The first of the tabled questions is by Mohammad Asghar: What is the Welsh Government doing to ensure that vulnerable groups in Wales have access to employability programmes?

Mohammad Ashgar
BBC

Final plenary of 2017

The final plenary of 2017 begins with Questions to the Cabinet Secretary for Education Kirsty Williams.

Kirsty Williams
BBC
Nathan Gill 'is rarely' in the assembly
Plaid Cymru AM Llyr Gruffydd says Nathan Gill is so rarely in the assembly his car parking space is used by somebody else.

Back at 1.30pm

The committee now moves into private session.

Senedd Live returns for plenary at 1.30pm.

Consultation closes on 15 December

'Weakness of the legislation - domestic violence'

Tim Ruscoe says "domestic violence is categorically not a low income issue.

"This bill does nothing to address the effect of alcohol in domestic violence in families who can afford alcohol".

Unhelpful or misguided guidance

Tim Ruscoe tells AMs about examples of some families providing money to young people without considering the associated risks of how this would be spent.

  • One team leader with significant experience in substance misuse has reported hearing situations new to her. She reported having met a 15 year old boy who on completion of his domestic chores including walking the dog and cleaning his room is rewarded on a Friday with a bottle of Vodka to share with his mates. The boy thinks this is within good and safe parameters; he has earned the 4 reward by contributing and he and his mates are not sourcing and consuming in unsafe environments.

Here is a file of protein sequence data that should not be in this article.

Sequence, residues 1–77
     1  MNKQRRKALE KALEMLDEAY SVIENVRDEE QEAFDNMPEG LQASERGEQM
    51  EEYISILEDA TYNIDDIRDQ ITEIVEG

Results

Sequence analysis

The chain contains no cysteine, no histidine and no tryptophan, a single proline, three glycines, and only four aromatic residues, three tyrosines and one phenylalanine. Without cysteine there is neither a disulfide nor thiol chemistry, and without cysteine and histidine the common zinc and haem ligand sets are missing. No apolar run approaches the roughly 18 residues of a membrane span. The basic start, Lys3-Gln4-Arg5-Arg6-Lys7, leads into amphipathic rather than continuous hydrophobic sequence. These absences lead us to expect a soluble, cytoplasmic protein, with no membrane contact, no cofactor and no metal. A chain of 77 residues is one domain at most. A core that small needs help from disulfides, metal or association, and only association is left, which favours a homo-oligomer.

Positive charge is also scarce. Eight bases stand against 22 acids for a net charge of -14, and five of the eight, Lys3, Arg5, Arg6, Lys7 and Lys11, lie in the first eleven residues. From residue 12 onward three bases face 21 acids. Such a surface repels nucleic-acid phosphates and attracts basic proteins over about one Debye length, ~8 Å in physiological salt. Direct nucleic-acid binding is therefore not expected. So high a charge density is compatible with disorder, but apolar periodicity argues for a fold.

• The same service reported another 15 year old as having in the region of £400 per month disposable pocket money meaning that alcohol costs were of no particularly concern. Both of these boys are from middle income families where parents believe they are acting responsibly.

Barnardo’s Cymru supports the principle of the Bill

Tim Ruscoe makes it clear that Barnardo’s Cymru supports the principle of the Bill.

However he also highlights some possible negative impacts, such as the possibility of substituting alcohol with other drugs, increases of offending to obtain alcohol, increases in exploitation for alcohol and a profitable black market for alcohol.

Tim Ruscoe
BBC

'Concrete evidence is scarce'

Owain Clarke

BBC Wales health correspondent

The latest study from Sheffield University, commissioned by the Welsh Government, once again suggests a minimum unit price of 50p for alcohol will have the greatest impact on hazardous and harmful drinkers. But it is also true to say that the new law is likely to have more of a financial impact on less well-off drinkers. Critics claim it is unfair that the poorest will once again be hit hardest - however worthy the aims of the law. But due to the fact that very few places have introduced a minimum alcohol price, concrete evidence is scarce. Much of the research is based on computer modelling and academic assumptions and predictions. But until a minimum price is introduced, runs for a while and is subsequently analysed, it is impossible to say with certainty how and to what extent a minimum alcohol price will change behaviour and improve health."

'They just drink for the effect'

Lynden Gibbs from the Salvation Army says "I don't know any guys that I work with that actually enjoy what they are drinking.

"They just drink for the effect".

Lynden Gibbs
BBC